After four days and nights of negotiations, European Union (EU) leaders have agreed on a 1.8 trillion-euro budget and coronavirus aid package.
The 27 leaders agreed on Tuesday to a massive aid program to help areas hit hardest by COVID-19. The disease has already killed 135,000 people within EU member countries.
“Extraordinary events, and this is the pandemic that has reached us all, also require extraordinary new methods,” German Chancellor Angela Merkel said.
The EU faces the biggest recession in the group’s history. To fight back, EU members will establish a 750 billion-euro coronavirus fund. The aid will be sent as loans and grants to the hardest-hit countries. That is in addition to the agreement on the seven-year, 1 trillion-euro EU budget that leaders had been arguing over for months.
“The consequences will be historic,” noted French President Emmanuel Macron. “We have created a possibility of taking up loans together.”
Sharing debt would have been unthinkable just a few months ago because some EU member countries refused to help to those with economic problems. Merkel and Macron argue the economic nationalism had to end.
“We have laid the financial foundations for the EU for the next seven years and came up with a response to this arguably biggest crisis of the European Union,” Merkel said.
She and Macron worked together to get the arguing countries to find an answer. Over the weekend, the two walked out of a meeting to protest the lack of agreement. Then, they waited.
“When Germany and France stand together, they can’t do everything. But if they don’t stand together, nothing is possible,” Macron said.
“There are 27 of us…and we managed to come up with a joint budget. What other political area in the world is capable of that? None other,” he added.
Merkel and Macron wanted the grants to total 500 billion euros. However, five wealthy northern nations, led by the Netherlands, demanded spending cuts and economic reforms in return from the hardest hit southern nations, like Greece. The amount was lowered to 390 billion euros, while the five northern nations received promises of reforms.
“There is no such thing as perfection, but we have managed to make progress,” Macron said.
The meeting shows how often nations’ self-interests seemed more important than the common good for all. The arguing was unpleasant.
“There were extremely tense moments,” Macron said.
Since every EU leader had the right of veto on the whole package, the joint agreement to spend so much money was praised as an extraordinary success.
Adriaan Schout is an expert on the EU and Senior Research Fellow at the Clingendael research group in the Netherlands. He said that the unusually long negotiations produced a deal that is good for the European Union.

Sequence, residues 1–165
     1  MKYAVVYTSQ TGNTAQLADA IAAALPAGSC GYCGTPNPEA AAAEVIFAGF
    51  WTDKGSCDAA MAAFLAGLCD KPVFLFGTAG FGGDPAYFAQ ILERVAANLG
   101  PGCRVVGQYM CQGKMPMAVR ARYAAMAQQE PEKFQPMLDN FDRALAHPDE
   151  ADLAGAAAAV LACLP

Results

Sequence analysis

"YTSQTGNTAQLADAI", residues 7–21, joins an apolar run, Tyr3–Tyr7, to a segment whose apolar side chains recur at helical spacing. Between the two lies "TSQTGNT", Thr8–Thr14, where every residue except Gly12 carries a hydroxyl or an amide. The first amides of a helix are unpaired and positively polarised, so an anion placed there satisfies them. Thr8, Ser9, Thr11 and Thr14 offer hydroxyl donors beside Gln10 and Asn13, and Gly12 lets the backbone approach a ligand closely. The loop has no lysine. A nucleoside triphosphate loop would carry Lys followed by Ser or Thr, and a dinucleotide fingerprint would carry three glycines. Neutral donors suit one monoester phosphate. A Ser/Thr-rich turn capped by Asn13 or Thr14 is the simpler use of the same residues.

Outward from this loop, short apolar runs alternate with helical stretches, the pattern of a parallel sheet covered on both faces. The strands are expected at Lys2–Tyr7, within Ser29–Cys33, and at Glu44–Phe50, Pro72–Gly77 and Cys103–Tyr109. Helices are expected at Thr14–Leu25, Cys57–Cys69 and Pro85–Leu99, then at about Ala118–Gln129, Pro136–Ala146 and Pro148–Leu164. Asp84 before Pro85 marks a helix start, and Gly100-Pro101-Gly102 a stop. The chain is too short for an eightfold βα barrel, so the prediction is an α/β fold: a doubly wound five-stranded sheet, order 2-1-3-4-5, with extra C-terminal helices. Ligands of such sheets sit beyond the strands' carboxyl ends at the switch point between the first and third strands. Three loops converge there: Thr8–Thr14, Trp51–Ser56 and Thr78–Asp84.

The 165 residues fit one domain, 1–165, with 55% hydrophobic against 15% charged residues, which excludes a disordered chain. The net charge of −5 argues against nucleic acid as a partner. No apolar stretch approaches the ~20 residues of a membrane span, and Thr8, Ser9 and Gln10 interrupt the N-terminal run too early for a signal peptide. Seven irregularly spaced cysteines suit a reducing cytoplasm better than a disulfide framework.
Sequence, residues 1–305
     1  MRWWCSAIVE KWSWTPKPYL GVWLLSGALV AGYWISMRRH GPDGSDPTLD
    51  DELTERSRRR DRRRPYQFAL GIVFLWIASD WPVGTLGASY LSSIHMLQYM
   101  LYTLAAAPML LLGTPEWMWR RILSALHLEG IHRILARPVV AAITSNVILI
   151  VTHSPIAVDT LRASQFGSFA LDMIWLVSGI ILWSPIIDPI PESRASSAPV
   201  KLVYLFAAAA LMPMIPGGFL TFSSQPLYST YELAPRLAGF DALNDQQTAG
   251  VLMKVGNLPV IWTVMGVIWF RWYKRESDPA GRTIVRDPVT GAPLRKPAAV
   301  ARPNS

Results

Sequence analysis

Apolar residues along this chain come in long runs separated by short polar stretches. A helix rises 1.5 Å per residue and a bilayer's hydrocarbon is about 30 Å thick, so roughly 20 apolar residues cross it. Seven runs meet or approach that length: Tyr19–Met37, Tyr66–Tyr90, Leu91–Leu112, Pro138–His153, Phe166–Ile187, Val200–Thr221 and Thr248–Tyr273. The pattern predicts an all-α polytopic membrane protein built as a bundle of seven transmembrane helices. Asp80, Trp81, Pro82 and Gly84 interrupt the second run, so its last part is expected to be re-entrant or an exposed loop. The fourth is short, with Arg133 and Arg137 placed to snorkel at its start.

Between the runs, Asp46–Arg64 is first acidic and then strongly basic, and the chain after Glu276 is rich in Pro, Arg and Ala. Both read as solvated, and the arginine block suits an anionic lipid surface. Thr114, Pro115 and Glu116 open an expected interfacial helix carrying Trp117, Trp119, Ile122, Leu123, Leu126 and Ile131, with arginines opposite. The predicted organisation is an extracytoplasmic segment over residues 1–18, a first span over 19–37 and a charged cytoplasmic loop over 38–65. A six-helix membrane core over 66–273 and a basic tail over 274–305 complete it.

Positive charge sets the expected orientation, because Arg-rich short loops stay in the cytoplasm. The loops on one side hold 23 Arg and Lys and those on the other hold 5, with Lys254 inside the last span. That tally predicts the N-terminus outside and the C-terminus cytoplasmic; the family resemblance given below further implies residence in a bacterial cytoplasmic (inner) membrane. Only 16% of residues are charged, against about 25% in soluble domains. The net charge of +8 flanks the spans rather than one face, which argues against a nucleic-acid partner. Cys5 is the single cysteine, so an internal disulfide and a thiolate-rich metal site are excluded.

“The EU hasn’t changed. This is always what it’s about — finding compromises — and the EU always finds compromises,” he said. “And the compromise has been hard fought. There are checks and balances in it. We don’t know how they will work,” he added.
“We all can take a hit,” said Dutch Prime Minister Mark Rutte. “After all, there are presidents among us.”
Following difficult negotiations with Merkel, Macron, and Italian Prime Minister Giuseppe Conte, Rutte said that “we have very good, warm relations.”
Conte also did not want to waste time on arguing. More than 35,000 Italians have died from COVID-19. The EU estimates Italy’s economy will shrink 11.2 percent this year.
To open schools in September, his country needs up to 3 million new desks so students can keep a safe distance from other students.
’’We will have a great responsibility. With 209 billion euros, we have the possibility to relaunch Italy with strength, to change the face of the country. Now we must hurry.” Conte said.
The European Parliament must still approve the deal.
I’m Mario Ritter, Jr.
The Associated Press reported this story. Susan Shand adapted it for VOA Learning English. George Grow was the editor.
Words in This Story
extraordinary - adj. something very unusual
pandemic - n. a contagious disease that crosses country borders
fund - n. an amount of money set aside for a special purpose
grant - n. an amount of money that is given away to assist someone or something
consequence - n. the results of an action
foundation - n. that base upon which something is built
manage - v. to direct or control
moment - n. a single instance
fellow - n. someone who is named as a scholar at an institution
desk - n. the item students sit on